Sun Microsystems' recent purchase of Cobalt Networks tells me somebody at Sun has his or her head screwed on right. Sun is publicly positioning this move as a way to jump into the low-end server appliance market in a big way.
Cobalt is one of the best possible opportunities for Sun to do exactly that. In the long run, Cobalt helps Sun hedge its bets against the probability that its Solaris and Sparc-based systems will not hold the lead forever in the high-end Internet server space.
But Sun has three potential threats it must face in the future: Linux, Intel, and Windows 2000. Sun doesn't want to endorse Linux in a big way just yet, nor should it. Linux isn't ready to compete with Solaris on Sun's biggest boxes. And Sun can still get a lot of mileage out of its Sparc line of processors running Solaris.
Sun could take the attitude that Linux momentum will hit a brick wall when people discover it won't run well on big iron. But it can't count on that. A few weeks ago I said the Open Source Development Labs' (OSDL) plans to provide the needed resources and motivation to get Linux to scale efficiently on the best hardware. With the right person at the helm of OSDL, I predict Linux will start making its way onto high-end hardware within three years, tops - perhaps sooner.
Similarly, Intel-compatible hardware could catch up to the performance now offered by Sun hardware. (The operative word here is "compatible". Unless Intel gets its act together soon, AMD may be the leading Intel-compatible chip supplier by the time this plays out.) The endlessly delayed 64-bit Intel chips notwithstanding, the Intel platform has made nice strides recently in areas such as bus and memory speed.
At the risk of inspiring tons of flame mail, I believe Intel hardware still isn't even close to being competitive with Sun hardware. Assuming I'm wrong and Intel catches up quickly, Sun will have to lower its prices to remain an attractive alternative.
As far as Sun is concerned, who cares how this turns out now that Sun has Cobalt? If Intel can't match Sun's hardware performance, Sun will have built enough Linux credibility in a few years based on its Cobalt acquisition that it can start selling its next-generation Ultra Sparc servers running Linux instead of Solaris. Sun will keep its high margins and endorse the most popular platform.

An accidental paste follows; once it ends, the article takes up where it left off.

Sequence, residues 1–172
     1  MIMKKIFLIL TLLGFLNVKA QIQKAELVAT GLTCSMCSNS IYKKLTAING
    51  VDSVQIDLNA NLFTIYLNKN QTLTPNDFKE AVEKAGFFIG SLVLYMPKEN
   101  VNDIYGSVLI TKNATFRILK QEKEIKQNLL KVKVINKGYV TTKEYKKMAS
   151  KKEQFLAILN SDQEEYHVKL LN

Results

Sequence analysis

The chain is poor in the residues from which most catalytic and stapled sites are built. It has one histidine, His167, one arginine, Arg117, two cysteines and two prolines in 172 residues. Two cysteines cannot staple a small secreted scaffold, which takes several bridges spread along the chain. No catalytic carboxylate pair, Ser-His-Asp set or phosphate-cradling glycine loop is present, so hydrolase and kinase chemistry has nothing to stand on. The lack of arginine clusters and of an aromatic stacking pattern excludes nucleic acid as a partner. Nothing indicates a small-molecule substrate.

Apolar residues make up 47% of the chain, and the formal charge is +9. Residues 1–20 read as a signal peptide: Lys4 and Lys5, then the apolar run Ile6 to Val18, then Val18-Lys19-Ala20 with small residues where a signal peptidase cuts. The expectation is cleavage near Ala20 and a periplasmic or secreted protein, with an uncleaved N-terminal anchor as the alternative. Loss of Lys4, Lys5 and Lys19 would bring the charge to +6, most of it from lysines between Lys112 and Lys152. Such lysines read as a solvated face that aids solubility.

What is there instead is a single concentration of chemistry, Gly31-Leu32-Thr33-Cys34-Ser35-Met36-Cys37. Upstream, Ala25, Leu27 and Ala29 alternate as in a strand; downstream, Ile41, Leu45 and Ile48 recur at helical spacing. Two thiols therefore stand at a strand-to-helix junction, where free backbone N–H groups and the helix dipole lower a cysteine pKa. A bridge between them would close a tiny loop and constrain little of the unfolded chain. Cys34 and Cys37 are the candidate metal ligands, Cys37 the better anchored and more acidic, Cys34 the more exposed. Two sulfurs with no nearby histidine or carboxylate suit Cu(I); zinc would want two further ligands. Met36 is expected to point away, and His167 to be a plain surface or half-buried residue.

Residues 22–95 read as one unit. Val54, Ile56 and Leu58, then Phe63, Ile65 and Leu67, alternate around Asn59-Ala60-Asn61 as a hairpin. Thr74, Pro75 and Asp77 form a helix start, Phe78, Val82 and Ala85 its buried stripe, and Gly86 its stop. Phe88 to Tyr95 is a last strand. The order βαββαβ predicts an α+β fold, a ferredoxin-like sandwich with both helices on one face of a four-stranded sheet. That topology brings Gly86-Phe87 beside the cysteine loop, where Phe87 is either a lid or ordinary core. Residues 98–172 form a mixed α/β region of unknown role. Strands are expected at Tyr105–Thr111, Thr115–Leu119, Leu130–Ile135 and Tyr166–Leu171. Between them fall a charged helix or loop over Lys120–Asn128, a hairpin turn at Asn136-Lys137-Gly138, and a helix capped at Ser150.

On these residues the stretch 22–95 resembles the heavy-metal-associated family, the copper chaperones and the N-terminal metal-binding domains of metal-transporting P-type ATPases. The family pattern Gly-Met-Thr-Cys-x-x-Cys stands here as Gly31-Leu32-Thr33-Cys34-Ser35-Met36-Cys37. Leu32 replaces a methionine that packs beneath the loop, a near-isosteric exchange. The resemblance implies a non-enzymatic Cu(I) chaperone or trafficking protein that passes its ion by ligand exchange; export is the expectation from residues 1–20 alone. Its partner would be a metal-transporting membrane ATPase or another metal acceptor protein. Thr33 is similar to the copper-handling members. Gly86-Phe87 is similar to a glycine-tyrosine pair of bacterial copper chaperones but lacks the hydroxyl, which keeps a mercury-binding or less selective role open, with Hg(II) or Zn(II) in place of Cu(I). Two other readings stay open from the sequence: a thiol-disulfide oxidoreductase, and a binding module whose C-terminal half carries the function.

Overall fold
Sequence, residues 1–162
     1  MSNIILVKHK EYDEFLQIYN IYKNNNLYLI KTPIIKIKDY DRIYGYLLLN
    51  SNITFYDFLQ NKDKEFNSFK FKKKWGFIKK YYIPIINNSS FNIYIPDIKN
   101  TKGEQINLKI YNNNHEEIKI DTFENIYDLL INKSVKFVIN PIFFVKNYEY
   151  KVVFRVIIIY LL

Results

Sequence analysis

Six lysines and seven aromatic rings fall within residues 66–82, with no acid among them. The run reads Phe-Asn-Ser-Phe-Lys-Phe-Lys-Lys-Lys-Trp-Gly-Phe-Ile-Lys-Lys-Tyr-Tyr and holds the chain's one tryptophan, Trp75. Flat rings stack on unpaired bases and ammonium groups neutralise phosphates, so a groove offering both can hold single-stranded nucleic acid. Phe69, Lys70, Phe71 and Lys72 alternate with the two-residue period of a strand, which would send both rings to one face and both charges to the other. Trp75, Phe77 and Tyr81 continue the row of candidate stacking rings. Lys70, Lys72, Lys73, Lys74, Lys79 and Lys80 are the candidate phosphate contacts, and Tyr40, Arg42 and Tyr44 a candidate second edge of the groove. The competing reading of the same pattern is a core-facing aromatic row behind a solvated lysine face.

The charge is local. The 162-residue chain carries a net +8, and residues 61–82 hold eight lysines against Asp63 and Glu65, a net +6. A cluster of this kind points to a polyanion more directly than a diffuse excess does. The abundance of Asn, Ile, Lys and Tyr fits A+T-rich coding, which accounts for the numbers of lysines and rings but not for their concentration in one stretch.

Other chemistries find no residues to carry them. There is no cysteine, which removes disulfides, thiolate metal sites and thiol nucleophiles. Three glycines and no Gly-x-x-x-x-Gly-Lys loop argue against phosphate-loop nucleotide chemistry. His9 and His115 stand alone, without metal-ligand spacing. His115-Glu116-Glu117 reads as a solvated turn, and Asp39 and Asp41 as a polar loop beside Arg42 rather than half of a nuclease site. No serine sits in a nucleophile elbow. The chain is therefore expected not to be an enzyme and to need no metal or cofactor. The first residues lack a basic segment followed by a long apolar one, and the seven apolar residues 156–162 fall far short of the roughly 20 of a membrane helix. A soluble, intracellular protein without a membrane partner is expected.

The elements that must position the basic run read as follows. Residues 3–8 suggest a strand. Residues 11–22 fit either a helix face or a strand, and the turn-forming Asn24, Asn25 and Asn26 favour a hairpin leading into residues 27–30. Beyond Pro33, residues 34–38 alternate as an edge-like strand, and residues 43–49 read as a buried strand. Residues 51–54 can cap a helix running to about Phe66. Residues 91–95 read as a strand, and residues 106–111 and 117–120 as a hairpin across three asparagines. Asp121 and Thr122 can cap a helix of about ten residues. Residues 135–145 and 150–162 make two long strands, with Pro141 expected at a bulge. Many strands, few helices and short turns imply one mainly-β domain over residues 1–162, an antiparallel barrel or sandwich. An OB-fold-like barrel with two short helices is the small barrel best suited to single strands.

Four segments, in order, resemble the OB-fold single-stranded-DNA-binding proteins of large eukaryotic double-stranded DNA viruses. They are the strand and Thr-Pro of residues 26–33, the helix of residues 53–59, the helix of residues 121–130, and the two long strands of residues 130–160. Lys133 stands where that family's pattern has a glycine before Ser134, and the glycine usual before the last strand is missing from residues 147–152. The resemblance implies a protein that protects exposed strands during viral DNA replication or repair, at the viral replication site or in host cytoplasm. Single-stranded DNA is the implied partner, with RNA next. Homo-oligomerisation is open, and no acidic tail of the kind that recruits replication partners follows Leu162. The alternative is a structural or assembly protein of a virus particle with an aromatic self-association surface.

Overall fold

If Intel-compatible hardware takes over, the Cobalt purchase gives Sun instant credibility in this potential future market, too. Put down that keyboard - I know that Cobalt's machines aren't all based on Intel-compatible chips. But Linux is the psychological link that will give Sun what it needs. Cobalt hardware runs Linux, and people tend to equate Linux with Intel. So any credibility that Sun builds with Linux automatically makes Sun a convincing supplier of Intel hardware if the company needs to go that route.
The best news of all for Sun is that no matter how the hardware picture develops, Sun's implicit endorsement of Linux by purchasing Cobalt puts yet another nail in the coffin of Windows 2000. This helps Sun eliminate the only threat about which it can do nothing.
It's currently fashionable to bash Sun Microsystems. But open-source advocates have much to be thankful for when it comes to Sun. Sun is going to open source Star Office 6.0. Sun gave the open-source Gnome desktop a mighty big publicity boost by adopting it for Star Office integration and for the Solaris desktop. But Sun's biggest contribution to open source could turn out to be purchasing Cobalt Networks.
* Nicholas Petreley is the founding editor of LinuxWorld (www.linuxworld.com). Reach him at firstname.lastname@example.org or e-mail comments for publication to david_beynon.com.au